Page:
It’s hard to imagine how many families are able to survive after Typhoon Haiyan swept through the Philippines. 12 million have been affected, millions are without homes, electricity and basic necessities, and they need our help.
Punta Buri is a tiny remote island, a one-hour boat ride from the main island of Panay in Central Philippines. A fishing community, this once green and lush island is now brown and barren, with trees blown down and wreckage everywhere; devastation caused by Typhoon Haiyan.
Far from media attention or international relief efforts, it was three days after the typhoon struck that the destitute residents of Punta Buri received aid from their local government. And what little they did receive was not even enough for one day’s meals.
Joel Caneso is the Barangay Captain (village leader) on his small island of Logingot. His community was totally devastated by the typhoon. With no electricity or way to communicate with the mainland, and with all of the boats damaged, people on the island started to panic. He said “what the people of Logingot experienced during the typhoon is too horrible to describe or even imagine.” Joel knew that without help, his people wouldn’t survive. So he found a mattress, and fashioned a raft to swim to the mainland to ask for help for his village.
Stella Jano tearfully told ICM staff of her escape from the Typhoon. Dragging her two grandchildren with her, they fled their home chased by huge tsunami-like waves, which flattened everything in their path. They had to crawl on hands and knees up the mountain to avoid the children being blown away by the winds. They eventually made it to the evacuation center. In the height of the storm, Stella’s husband heroically rescued two of his neighbours who had climbed a tree to try to escape the waves. As they were reunited at the center, Stella shared what little food she had with them.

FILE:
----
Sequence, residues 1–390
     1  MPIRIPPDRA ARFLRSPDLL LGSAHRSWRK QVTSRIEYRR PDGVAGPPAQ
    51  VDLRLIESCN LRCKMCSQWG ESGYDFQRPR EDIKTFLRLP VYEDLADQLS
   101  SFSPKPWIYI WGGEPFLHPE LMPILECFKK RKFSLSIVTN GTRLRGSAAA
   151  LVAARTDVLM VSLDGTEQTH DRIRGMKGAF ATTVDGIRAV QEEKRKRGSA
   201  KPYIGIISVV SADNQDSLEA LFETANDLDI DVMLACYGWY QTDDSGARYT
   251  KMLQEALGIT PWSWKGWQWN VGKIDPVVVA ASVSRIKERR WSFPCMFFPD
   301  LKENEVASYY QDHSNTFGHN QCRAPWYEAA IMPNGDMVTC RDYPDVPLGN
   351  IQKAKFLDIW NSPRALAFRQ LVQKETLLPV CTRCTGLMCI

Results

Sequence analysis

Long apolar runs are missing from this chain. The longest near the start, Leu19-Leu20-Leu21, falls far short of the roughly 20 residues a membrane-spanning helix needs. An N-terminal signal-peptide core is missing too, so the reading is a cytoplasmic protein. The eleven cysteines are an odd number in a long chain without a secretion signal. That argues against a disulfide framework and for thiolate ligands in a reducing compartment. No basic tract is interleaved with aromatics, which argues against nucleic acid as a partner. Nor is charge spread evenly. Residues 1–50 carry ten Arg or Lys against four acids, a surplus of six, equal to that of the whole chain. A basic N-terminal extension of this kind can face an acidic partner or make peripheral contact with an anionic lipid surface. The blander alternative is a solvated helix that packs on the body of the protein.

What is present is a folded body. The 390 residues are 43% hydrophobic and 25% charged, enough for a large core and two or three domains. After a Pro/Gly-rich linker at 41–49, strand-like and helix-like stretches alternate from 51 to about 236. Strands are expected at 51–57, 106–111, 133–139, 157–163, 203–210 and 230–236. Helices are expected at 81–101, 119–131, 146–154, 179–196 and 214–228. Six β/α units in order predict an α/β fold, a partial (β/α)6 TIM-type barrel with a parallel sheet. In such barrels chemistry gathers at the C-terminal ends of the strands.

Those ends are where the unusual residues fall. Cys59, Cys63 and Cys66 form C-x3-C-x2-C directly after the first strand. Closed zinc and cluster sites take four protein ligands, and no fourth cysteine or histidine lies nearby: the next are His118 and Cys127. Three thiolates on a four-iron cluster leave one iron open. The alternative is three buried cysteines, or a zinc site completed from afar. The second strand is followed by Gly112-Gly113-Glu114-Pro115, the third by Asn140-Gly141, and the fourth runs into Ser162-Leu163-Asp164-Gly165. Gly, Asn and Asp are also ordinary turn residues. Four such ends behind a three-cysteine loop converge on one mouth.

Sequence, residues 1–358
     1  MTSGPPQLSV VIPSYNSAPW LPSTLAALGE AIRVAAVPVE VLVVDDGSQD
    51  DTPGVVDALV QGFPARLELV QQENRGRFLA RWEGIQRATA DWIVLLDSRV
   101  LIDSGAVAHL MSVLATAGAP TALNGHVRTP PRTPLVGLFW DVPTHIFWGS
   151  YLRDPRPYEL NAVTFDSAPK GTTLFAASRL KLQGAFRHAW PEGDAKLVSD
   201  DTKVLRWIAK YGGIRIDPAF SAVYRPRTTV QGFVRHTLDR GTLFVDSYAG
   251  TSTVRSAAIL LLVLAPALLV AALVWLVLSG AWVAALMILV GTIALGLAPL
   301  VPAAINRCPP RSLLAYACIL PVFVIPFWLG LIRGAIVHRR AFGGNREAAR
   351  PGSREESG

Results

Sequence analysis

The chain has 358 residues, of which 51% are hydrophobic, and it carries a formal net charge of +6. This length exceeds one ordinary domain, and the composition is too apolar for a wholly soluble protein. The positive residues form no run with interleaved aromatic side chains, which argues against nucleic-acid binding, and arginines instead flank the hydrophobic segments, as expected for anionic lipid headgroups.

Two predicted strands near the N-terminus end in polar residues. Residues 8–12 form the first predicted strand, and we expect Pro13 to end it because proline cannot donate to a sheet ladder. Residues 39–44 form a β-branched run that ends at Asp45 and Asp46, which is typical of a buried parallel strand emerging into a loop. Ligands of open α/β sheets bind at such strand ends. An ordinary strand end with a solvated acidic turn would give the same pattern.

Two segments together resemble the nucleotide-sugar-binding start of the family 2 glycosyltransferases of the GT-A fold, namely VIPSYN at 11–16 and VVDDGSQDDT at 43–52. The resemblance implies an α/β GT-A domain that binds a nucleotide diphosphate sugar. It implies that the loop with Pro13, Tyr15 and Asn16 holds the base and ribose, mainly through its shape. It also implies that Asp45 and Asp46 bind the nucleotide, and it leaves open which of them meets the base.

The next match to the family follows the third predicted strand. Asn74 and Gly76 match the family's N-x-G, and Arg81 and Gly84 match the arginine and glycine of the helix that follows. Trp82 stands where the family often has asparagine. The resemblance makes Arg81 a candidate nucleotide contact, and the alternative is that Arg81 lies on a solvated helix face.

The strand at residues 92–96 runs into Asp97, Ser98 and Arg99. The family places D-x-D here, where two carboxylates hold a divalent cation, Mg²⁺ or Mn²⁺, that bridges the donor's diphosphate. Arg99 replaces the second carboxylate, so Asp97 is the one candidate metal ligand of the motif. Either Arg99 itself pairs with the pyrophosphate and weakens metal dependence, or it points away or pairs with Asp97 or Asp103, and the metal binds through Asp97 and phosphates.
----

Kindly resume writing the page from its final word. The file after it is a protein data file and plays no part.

In the panic during the hours when the typhoon hit, Leo’s wheelchair-bound mother was unable to evacuate. Fearing for her life, Leo picked her up, threw her over his shoulder, and carried her up the mountain to safety. Saving his mother’s life meant he lost everything else. He couldn’t bring anything with him. With no source of income, he says he is now totally dependent on any relief goods that have come to the island for food and clothing.
“We lost our home, we lost everything.” Thousands of people are thankful that their lives were spared. But they are lives with a very bleak outlook; no shelter, no electricity, no livelihood, scarce clean water. No hope. These people don’t just want to survive. They want to live. They want to rebuild. They want to make a better life for their children than they have had. We can help them do that.
ICM’s disaster fund is bringing hope and tangible change in many different ways to thousands of families in the Western Visayas. We’re starting with the basic necessities that keep people alive: food, water, medicines. Then we progress to longer term needs such as rebuilding homes, churches and community centers, boats and infrastructures.
But immediate efforts can be futile if we don’t partner for the future with communities. ICM can’t just be a “band-aid” solution – we need to find the cure. In response to the typhoon, we are launching two new operational bases to reach out to affected regions with our poverty reduction programs. Our Transform Program brings the support, training and resources that equip the poor to rebuild their lives. These bases will run intensive, community based, holistic programs in 80 communities, positively impacting 12,500 family members.
So much need remains. Let’s not forget about the Philippines. Join our efforts to rebuild lives here.